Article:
“My time at UC has been deeply gratifying and rewarding. I have been honored and inspired every day to serve this institution alongside incredibly dedicated, passionate people,” Napolitano said in a statement. “The decision was tough — and this moment, bittersweet — but the time is right.”
Napolitano, 61, has battled a recurrence of breast cancer but said her health is good and did not play a role in her decision to step down.
“All of my tests are clear. So that was not a factor in my decision,” Napolitano told reporters in a conference call, saying she will complete her seventh year in the job before stepping down.
“It seemed like a good time to have some fresh blood at the University of California,” she said.
During her tenure, Napolitano has overseen an expansion of the public university system, enrolling historic numbers of students and making it easier for in-state students to transfer from community colleges to the university system.
She oversaw reforms of policies on sexual misconduct and was a stanch supporter of the rights of immigrant students.
In 2017, the university joined a lawsuit challenging the Trump administration’s decision to rescind the Deferred Action for Childhood Arrivals program, an action that led to injunctions that allowed hundreds of thousands of DACA recipients to extend their authorization to legally live and work in the U.S., including students in the UC system.
But Napolitano also was criticized by state lawmakers after a state audit found problems with her office’s financial management. A report from State Auditor Elaine Howle in 2016 found that Napolitano’s office failed to disclose millions of dollars in reserve funds.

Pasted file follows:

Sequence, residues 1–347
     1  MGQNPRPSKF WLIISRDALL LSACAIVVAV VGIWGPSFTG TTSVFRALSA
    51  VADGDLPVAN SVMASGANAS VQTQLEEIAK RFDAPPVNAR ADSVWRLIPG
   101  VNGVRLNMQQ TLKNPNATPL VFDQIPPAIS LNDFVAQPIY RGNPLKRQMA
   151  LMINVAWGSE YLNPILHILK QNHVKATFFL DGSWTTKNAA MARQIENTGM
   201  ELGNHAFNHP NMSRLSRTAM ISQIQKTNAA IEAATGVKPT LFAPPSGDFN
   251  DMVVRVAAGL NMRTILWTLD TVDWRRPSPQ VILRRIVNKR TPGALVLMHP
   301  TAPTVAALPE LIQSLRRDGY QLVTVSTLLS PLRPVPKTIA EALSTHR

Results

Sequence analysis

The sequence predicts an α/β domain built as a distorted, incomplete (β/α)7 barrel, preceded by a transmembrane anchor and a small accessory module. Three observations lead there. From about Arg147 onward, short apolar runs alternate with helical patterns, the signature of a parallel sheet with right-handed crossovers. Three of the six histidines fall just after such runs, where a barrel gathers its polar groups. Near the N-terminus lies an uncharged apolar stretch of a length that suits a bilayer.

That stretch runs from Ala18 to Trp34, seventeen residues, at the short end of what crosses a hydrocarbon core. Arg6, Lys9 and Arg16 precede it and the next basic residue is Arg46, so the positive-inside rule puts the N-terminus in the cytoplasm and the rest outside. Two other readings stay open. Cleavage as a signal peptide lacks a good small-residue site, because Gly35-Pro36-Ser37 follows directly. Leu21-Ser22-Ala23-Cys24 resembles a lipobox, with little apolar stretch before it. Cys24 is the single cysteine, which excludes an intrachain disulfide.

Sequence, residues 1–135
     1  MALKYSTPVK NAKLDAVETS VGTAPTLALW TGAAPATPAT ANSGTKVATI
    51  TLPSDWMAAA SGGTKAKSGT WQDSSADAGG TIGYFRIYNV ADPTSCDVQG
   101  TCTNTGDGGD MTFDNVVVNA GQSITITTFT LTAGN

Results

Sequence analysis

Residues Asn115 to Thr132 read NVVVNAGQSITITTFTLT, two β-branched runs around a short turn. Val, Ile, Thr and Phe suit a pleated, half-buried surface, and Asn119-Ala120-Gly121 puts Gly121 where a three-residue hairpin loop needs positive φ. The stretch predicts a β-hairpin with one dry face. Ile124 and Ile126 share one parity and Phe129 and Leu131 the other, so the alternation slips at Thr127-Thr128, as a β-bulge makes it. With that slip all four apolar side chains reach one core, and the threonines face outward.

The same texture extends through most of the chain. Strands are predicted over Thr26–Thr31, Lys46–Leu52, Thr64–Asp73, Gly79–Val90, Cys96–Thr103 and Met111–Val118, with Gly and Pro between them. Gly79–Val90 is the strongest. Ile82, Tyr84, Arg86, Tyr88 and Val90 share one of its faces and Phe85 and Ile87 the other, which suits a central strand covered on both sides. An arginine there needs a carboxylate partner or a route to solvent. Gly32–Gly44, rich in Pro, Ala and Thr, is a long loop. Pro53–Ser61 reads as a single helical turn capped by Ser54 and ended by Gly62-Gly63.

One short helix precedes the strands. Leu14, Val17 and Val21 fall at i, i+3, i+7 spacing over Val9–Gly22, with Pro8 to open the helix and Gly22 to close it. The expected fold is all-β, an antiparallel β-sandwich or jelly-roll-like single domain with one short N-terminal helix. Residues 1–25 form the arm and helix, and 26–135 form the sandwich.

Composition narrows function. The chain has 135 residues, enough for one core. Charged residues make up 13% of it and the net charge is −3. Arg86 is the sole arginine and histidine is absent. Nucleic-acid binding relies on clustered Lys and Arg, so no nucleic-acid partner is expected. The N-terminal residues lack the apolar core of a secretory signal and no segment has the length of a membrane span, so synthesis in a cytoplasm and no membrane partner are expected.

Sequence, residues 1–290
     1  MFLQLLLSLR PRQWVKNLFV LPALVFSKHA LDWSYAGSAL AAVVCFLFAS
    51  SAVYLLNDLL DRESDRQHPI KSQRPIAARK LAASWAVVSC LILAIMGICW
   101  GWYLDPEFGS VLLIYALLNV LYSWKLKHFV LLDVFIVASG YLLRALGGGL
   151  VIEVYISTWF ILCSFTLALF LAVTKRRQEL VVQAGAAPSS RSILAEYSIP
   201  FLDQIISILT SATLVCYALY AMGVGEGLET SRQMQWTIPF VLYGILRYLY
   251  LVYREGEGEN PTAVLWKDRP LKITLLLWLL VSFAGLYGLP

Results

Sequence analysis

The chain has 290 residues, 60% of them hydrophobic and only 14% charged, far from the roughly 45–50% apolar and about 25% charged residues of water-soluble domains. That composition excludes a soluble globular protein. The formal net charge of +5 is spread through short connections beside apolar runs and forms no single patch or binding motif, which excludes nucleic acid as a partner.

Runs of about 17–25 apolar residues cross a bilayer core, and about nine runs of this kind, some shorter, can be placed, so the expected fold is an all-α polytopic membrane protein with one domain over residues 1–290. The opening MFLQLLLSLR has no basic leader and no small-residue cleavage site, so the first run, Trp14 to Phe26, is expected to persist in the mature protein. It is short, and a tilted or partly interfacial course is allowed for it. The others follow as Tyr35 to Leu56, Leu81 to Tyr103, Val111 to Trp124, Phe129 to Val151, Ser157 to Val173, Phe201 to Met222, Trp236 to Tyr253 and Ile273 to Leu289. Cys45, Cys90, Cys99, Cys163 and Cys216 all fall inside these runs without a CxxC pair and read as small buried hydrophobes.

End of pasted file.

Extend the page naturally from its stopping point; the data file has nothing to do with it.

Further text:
It also said Napolitano’s top aides had sought to suppress campus criticism of her office in surveys that were supposed to be confidential and sent directly to the state auditor.
The investigators found that Napolitano had approved of the plan to review the survey responses. The audit said there was “insufficient evidence” to conclude that she knew of the full range of what her staff was up to or that she directly approved of any interference. But the investigation and subsequent oversight prompted a rare public rebuke by the UC’s governing Board of Regents.
Napolitano had a distinguished career before coming to California. As a partner in a prominent Phoenix law firm, she represented Anita Hill during the Senate Judiciary Committee’s confirmation hearings for Supreme Court Justice Clarence Thomas in 1991. Hill accused Thomas of sexual harassment, which he denied.
She was a popular Democratic leader in Republican-controlled Arizona, easily winning re-election by more than 25 points in 2006. She stepped down in 2009 to join President Barack Obama’s cabinet as secretary of homeland security, overseeing border security, ramped-up immigration enforcement and efforts to prevent terrorism. She served until 2013, when she became UC president.
Napolitano said she will take a year sabbatical before teaching, beginning in the fall of 2021, at the University of California, Berkeley’s Goldman School of Public Policy, where she is currently a tenured professor.
Napolitano was asked by reporters if she would rule out running for public office or accepting a political post or appointment.
“I have no intention in those regards, but you never say never,” she said.